In many organizations, managers use authority by dividing it into line authority, staff authority and functional authority. These kinds of authority differ according to the kinds of power on which they are based.
Line Authority: Managers with line authority are those people in the organization who are directly responsible for achieving organizational goals. Line authority is represented by the standard chain of command starting with the board of directors and extending down activities of the organization that are carried out. Line authority is based primarily on legitimate power.
Since line activities are identified in terms of the company’s goals, the activities classified as line will differ in each organization. For example, managers at a manufacturing company may limit line functions to production and sales, while managers at a department store, in which buying is a key element will consider the purchasing department as well as the sales department as line activities. When an organization is small, all positions may be line roles. At Nordstrom, associates are given considerable line authority.
Staff Authority: Staff authority belongs to those individuals or groups in an organization who provide services and advice to line mangers. The concept of staff includes all elements of the organization that are not classified as line. Advisory staffs have been used by decision makers from emperors and kings to dictators and parliaments over the course of recorded history.
Staff provides managers with varied types of expert help and advice. Staff authority is based primarily on expert power. Staff offer line managers planning advice through research, analysis and options development. Staff can also assist in policy implementation, monitoring and control in legal and financial matters; and in the design and operation of data processing systems.
As managers expand organizations over time, staff roles are often added to supplement line activities. For example, partners at many law firms are adding staff members to run the ‘business side’ of the firm. The presence of these specialists frees lawyers to practice law, their line function.
The role of staff members – to provide advice and service to line members – implies that staff lacks independent formal authority. In reality, staff departments, especially those responsible for audit functions, may have formal authority over line members within the limits of their function. The right to control activities of other departments as they relate to specific staff responsibilities is known as functional authority. The finance manager of Division A reports through the chain of command to the General manager of Division A, but is also responsible to the vice president for finance at the corporate level. This ‘dotted line’ relationship indicates the functional authority of specialized staff in relation to line managers.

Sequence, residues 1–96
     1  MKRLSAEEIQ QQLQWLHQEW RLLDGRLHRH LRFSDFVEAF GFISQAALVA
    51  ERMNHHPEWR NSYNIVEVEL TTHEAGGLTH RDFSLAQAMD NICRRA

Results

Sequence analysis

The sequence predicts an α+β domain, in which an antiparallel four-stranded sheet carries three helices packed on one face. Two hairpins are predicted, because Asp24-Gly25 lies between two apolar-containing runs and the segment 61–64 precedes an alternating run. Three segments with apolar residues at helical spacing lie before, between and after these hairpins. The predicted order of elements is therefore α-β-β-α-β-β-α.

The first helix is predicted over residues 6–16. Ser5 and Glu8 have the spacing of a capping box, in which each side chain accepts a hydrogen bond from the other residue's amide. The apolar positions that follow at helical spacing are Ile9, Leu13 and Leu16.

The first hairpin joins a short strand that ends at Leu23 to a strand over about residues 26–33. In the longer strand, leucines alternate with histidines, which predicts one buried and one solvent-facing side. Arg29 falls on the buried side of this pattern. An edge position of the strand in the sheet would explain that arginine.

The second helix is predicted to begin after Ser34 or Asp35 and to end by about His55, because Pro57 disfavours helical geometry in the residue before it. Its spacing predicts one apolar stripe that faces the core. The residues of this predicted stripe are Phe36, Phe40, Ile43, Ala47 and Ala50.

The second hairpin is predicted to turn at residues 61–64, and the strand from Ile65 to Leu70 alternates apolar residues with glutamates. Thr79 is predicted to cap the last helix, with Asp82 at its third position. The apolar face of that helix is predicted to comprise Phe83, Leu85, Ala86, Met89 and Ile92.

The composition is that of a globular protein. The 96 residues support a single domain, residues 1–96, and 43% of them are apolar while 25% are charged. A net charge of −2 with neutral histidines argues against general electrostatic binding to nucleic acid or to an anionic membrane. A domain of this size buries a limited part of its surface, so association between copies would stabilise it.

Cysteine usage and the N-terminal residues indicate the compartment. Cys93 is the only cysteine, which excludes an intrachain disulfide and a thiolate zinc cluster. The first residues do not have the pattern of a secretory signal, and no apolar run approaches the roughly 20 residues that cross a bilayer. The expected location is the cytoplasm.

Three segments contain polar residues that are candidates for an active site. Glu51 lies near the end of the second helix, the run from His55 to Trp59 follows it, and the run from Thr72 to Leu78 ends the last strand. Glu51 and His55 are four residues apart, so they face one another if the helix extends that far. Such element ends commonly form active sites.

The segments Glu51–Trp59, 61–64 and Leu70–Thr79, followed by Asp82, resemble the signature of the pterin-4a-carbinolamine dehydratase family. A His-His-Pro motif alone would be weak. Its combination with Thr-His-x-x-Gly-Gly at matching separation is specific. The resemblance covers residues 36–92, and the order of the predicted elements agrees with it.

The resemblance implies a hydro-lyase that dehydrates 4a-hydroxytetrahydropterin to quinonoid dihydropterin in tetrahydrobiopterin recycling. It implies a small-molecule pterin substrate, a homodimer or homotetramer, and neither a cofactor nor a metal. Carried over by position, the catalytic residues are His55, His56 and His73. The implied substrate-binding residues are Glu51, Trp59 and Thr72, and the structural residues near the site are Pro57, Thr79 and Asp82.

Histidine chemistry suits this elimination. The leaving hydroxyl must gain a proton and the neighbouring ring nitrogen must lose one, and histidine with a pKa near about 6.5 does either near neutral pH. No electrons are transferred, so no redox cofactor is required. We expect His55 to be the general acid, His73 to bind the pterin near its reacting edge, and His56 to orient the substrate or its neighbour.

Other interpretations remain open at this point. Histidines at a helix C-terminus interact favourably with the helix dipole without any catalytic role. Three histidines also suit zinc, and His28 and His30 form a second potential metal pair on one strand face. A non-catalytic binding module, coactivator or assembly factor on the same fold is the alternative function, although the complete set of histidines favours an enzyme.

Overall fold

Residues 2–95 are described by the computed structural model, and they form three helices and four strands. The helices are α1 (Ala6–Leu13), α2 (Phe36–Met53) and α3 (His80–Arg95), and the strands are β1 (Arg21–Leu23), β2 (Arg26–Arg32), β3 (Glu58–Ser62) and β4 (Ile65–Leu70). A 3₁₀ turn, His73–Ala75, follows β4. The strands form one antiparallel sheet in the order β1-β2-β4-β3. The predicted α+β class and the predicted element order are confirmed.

Functional authority is common in organizations. It is necessary in carrying out many organizational activities, both to provide or a degree of uniformly and to allow unhindered application of expertise. Thus, it is based on both legitimate and expert power. The skills required to manage functional authority relationships and the problem arising from those relationships are similar to the skills required to manage dual-boss relationships in matrix organizations.
Functional authority might be common in modern organizations, but it can be difficult to practice. Take the case of Laura Kozol at the General Electric plant in Lynn, Massachusetts, where jet engines are manufactured for small aircraft. As a design engineer, Kozol has a position traditionally associated with staff authority. When Kozol joined the plant staff, she found that engineers designed engines (staff authority) without consulting those who actually produced the parts (line authority). Partly out of frustration, and partly because downsizing at the plant cut out layers of management, Kozol organized an ongoing collaborative process between engineers and production employees. She now exercises functional authority as she works with production employees.